Once there is a valid contract the seller is constructive trustee of the property

Once there is a valid contract, the seller is constructive trustee for the buyer. Risk passes on the contract. The nature of the trusteeship is qualified by the seller’s right to protect his interest. The seller must not damage the property and must take reasonable care of it. The seller is entitled to keep rents until legal title has passed.

Lysaght v Edwards ((1875 – 76) L.R. 2 Ch.D. 499) concerned a contract for the sale of land. The seller died before completion. Given the terms of the seller’s will, there was a doubt as to who could give title to the buyer. In the course of dealing with this question, Jessel MR laid down a number of important propositions about the rights and duties of the seller and buyer once a valid contract has been entered into:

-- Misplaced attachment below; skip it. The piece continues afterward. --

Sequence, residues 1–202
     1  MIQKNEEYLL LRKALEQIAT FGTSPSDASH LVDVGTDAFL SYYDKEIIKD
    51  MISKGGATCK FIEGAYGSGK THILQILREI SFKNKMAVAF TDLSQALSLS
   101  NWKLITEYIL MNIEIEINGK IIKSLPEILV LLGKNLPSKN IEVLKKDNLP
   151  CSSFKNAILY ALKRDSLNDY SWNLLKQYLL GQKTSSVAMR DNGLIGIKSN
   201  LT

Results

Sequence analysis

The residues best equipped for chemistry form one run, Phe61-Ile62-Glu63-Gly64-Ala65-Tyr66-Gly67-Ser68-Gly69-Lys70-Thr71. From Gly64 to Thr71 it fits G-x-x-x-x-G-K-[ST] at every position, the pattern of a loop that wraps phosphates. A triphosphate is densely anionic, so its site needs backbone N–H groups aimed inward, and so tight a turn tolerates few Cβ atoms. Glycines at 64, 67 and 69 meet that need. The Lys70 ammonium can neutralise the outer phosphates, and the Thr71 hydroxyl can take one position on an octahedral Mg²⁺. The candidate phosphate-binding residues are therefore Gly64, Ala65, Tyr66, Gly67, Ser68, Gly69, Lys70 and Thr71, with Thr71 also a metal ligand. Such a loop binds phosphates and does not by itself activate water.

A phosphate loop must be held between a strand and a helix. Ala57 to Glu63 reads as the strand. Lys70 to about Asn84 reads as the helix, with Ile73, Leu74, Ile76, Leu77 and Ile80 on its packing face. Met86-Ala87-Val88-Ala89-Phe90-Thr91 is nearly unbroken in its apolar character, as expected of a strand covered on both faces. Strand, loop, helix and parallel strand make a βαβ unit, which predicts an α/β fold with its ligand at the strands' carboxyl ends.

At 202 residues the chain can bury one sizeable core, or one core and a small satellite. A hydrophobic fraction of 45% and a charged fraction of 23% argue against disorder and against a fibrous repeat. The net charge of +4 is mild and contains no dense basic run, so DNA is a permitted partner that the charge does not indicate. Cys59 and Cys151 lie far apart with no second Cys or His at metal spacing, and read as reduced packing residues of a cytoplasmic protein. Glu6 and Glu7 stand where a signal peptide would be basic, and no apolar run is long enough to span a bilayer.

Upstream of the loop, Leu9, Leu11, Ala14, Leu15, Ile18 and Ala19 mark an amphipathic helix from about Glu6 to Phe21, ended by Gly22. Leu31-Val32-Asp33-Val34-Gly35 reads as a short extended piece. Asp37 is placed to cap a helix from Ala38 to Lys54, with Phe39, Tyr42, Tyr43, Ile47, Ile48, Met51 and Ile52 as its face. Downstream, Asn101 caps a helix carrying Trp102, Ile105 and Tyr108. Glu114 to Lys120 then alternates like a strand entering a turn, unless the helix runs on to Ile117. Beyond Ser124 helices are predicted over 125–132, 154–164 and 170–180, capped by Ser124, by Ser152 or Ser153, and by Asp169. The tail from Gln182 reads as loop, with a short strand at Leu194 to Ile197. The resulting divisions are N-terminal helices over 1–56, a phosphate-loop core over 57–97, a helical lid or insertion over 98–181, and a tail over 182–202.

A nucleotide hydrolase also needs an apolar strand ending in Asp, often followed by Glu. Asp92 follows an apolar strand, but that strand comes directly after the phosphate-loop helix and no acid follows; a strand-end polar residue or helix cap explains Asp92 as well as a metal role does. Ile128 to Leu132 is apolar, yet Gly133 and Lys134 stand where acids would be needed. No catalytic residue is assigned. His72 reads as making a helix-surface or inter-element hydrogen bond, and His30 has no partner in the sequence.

1. the seller becomes a constructive trustee for the buyer;

2. beneficial ownership passes to the buyer;

3. the seller has a charge or lien over the property until the purchase price has been paid;

4. the seller can retain possession until completion;

5. the seller must not wilfully damage or injure the property;

6. the seller has to take reasonable care of the property;

7. risk passes to the buyer at the time of the contract;

8. the seller can keep the rents (if any) until completion.

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